Author Topic: FPGA: More elegant (and less timing violating) way of doing simple register map?  (Read 1133 times)

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Offline dmills

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I would amend that as don't divide the clock in fabric and then feed it to a CLOCK input on other logic, feeding it to a clock enable input is fine.

if rising_edge(clk) and clk_en then ....

You do see a lot of truly horrible HDL out there, particularly from folk who think of HDL as programming and do not get that sequence expresses priority not execution flow.

Regards, Dan.
 

Offline simmconn

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In general, I agree. But like Bassman59 suggested, there are always cases that you have to use logic to divide the clock and then feed to the global clock tree. For instance, I once have a clock divider whose output clock phase needs to quickly align with a one-shot input trigger signal edge. The number of possible phases are more than the simultaneously available DCM/PLL outputs, and the 'time to lock' needed is shorter than it takes to reconfigure the DCM/PLL through its serial interface.

IMO if the FPGA vendor provided a function (or routing possibility), they have envisioned its use. It is up to the designer to use it wisely.
 

Online Someone

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IMO if the FPGA vendor provided a function (or routing possibility), they have envisioned its use. It is up to the designer to use it wisely.
This is it, the tools used to have problems timing and/or routing these sorts of paths, but both of those aspects have been improved and its possible to build those sorts of designs with relative efficiency. There are even situations where its desirable (and already done by the vendors without you realising).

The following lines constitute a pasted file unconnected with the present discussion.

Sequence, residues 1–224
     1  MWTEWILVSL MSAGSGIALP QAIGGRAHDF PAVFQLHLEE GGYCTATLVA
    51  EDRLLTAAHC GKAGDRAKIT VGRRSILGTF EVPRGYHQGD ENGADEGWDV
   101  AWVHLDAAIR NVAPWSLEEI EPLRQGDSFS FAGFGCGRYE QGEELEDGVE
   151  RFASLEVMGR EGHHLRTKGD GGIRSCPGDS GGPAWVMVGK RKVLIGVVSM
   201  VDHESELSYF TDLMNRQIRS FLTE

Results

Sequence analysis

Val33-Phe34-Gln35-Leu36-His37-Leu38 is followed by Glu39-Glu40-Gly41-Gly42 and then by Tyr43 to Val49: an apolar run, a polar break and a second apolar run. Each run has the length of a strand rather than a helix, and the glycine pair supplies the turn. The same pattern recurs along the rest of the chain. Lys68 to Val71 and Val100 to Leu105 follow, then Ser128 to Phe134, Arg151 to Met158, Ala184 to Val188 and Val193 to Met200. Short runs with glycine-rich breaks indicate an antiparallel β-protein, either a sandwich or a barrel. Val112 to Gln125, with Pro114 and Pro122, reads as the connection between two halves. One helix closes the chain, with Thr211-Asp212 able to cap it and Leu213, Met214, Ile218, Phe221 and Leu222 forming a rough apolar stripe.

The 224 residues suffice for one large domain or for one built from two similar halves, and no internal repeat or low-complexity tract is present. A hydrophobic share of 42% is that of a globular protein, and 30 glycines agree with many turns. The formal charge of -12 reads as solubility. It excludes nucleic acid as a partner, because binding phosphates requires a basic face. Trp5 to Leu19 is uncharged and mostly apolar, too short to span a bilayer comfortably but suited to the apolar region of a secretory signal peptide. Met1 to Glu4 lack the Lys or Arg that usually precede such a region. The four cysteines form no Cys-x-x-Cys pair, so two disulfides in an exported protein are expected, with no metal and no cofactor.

Online hamster_nz

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IMO if the FPGA vendor provided a function (or routing possibility), they have envisioned its use. It is up to the designer to use it wisely.
I think you paint this a bit too passively - do not go against recommendations and recommended practices unless you want to fight dragons.

Example: There is this clocking path that allows a Transceiver PLL's Reference clock to be driven from the global clocking network, selecting GTGREFCLK as the clock source on GTXE2_CHANNEL is possible, and comes with the note of "Reference clock generated by the internal FPGA logic. This input is reserved for internal testing purposes only".

You can use it - and I have used it, and it might save your bacon when a ref clock was in the wrong place, but oh my, I wouldn't go recommending it to others to use it. Spin a new PCB with the clock on the correct pins if you have to.

Likewise driving clocking networks from the output of flip flops is "a bad idea". Use it only when you really have to. There are better ways and you should choose these in preference to routing FF outputs onto clocking networks, if at all possible.